What risks should I be aware of when launching a hybrid fund?

Hedge fund managers entering hybrid fund territory for the first time may find themselves asking post-launch: are the complexities and subsequent headaches worth it?

These managers and their teams may soon find that they may need help to alleviate the technical and fundamental challenges of running a hybrid entity, which is much more complicated than those associated with your typical hedge fund.

Avoiding risks to a manager’s operational reputation calls for its teams to stay one step ahead – which in turn calls for new expertise.

Below is a list of typical challenges hybrid fund managers face every day:

  • A fund does not engage with competent international fund administration until after pre-launch. It is then overwhelmed by compliance mistakes and a long list of corrections post-audit (for example, regulatory issues or conflicts of interest).
  • In-house teams find out too late that they do not have the time, resources or experience to deal with hybrid fund domain and custodial services, alongside all the accounting and reporting required for different asset classes due to their investment cycles.
  • Balance is crucial. One of the most common challenges in running a hybrid fund is cash-flow recording for new and existing investors. Hybrid funds, by their nature, have assets with differing liquidity. That means cash-flow management processes and technology should be put in place so that cash flow truly matches each underlying asset. That means a hybrid fund manager must closely monitor and match fund liquidity with the liquidity of underlying investments.
  • Expenses from running the fund and any fees must be transparent, especially if a manager is dealing with a retail investor base. That requires careful monitoring and reporting given that hybrid funds are handling different assets, asset classes, side pockets and portfolios. Investors should be liable only for expenses that are tied to the portfolios they are invested in. That must be recorded.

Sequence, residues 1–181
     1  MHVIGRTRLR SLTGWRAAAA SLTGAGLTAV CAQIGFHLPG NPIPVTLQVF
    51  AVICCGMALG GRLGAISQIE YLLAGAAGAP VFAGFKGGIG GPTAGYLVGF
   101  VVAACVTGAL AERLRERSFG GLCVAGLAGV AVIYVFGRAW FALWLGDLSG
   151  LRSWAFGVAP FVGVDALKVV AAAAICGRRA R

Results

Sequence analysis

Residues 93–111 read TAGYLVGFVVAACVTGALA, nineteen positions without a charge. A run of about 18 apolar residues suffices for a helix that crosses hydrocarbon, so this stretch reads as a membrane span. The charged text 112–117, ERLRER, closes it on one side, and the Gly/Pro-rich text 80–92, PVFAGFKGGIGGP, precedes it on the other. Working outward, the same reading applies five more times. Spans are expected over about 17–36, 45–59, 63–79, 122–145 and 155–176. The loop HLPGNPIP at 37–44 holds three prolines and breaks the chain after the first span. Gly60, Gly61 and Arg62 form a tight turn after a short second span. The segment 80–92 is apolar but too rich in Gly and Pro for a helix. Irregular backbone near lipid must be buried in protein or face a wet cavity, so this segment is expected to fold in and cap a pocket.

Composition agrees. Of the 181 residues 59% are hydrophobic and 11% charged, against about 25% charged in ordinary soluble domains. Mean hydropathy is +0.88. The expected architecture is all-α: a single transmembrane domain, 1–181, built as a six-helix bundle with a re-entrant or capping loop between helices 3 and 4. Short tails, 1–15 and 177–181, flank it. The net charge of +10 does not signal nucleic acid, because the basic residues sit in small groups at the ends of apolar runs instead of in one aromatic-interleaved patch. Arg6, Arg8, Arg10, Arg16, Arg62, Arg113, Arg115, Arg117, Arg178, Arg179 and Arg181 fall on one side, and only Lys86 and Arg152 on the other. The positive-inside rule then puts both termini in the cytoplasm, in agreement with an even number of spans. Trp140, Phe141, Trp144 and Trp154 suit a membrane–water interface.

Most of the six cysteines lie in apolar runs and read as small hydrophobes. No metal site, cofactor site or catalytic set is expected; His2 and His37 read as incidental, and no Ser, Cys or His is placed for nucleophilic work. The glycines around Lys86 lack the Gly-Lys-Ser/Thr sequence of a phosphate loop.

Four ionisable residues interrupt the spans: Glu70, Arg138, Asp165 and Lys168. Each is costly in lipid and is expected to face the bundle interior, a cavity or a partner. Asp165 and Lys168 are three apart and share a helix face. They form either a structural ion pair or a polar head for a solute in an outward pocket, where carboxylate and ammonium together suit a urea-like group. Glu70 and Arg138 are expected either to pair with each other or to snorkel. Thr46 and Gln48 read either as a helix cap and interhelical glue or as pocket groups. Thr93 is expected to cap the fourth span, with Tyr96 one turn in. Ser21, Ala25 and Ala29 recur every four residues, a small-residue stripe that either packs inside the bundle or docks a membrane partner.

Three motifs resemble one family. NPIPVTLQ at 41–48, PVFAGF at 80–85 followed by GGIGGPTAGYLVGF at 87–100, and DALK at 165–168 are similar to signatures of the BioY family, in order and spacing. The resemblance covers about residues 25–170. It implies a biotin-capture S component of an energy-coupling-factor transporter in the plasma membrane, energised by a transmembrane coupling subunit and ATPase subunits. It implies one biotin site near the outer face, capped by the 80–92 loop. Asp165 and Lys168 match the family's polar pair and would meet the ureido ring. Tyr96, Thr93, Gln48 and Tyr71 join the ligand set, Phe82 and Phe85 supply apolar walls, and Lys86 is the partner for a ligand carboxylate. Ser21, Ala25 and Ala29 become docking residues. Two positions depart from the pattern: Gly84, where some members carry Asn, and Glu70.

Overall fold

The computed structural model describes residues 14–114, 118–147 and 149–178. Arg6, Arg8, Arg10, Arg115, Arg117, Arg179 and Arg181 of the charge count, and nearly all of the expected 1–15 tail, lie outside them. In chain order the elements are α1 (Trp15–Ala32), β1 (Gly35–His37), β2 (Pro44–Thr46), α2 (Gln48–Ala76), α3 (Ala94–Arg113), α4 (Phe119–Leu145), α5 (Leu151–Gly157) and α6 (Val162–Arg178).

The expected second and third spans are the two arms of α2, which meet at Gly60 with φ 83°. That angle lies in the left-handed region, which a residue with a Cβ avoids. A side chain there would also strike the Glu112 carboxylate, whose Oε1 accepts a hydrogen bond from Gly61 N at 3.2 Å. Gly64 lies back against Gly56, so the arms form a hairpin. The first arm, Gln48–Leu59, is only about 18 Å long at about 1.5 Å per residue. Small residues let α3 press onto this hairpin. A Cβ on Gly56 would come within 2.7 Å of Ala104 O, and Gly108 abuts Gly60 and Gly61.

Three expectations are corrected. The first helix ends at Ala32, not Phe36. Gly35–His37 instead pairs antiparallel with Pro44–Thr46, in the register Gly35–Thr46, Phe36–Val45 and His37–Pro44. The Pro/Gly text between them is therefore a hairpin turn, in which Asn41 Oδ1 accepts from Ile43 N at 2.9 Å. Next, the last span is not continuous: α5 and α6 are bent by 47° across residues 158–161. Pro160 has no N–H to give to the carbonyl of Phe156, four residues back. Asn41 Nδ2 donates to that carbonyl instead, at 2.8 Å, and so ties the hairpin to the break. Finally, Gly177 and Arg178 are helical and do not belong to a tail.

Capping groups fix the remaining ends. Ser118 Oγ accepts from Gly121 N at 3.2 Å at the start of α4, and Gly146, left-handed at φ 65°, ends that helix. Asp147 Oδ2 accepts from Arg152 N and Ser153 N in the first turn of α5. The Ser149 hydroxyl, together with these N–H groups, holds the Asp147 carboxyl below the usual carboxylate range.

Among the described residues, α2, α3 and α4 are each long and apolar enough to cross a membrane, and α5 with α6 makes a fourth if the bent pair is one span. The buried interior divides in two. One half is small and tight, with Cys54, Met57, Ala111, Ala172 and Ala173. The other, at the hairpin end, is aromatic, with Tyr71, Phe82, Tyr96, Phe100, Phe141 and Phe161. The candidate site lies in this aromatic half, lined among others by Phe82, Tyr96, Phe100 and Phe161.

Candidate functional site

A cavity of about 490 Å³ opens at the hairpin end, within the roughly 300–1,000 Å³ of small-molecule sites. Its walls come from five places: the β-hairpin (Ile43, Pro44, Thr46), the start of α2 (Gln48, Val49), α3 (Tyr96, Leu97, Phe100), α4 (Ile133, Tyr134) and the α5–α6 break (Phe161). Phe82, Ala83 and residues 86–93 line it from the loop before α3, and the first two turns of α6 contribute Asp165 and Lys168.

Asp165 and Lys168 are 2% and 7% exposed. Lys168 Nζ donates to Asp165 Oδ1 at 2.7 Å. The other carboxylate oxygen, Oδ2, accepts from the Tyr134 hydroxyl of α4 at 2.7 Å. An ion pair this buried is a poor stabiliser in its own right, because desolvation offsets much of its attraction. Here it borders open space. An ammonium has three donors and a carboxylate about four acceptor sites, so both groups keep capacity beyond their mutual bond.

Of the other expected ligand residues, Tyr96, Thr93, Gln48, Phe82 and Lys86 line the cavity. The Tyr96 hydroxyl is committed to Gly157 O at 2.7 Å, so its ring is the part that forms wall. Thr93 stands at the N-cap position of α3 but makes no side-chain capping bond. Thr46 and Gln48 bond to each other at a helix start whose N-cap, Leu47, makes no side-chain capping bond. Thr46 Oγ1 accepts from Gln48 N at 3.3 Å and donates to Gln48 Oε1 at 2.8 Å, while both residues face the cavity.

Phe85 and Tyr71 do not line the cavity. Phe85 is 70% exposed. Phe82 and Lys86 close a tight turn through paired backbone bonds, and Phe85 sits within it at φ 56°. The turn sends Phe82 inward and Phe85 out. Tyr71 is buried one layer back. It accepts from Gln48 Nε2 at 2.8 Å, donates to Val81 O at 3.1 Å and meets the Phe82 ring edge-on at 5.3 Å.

• Compliance with each asset and/or asset class must be in line with the asset’s jurisdiction. This requires bespoke knowledge of how filing with the relevant authorities and reporting to investors is carried out.
  • Excel spreadsheets, still commonplace in administration across all asset classes, pose the risk of human error, especially when cash flows and risk analyses get complicated.

Hybrid funds: are they here to stay?

In September, equities and multi-strategy funds were the areas from which investors pulled the most, at net outflows of USD 5bn and USD 4.3bn respectively, according to Forbes. The appetite for diversification has shifted investors into newer strategies, indicating that product innovation is here to stay.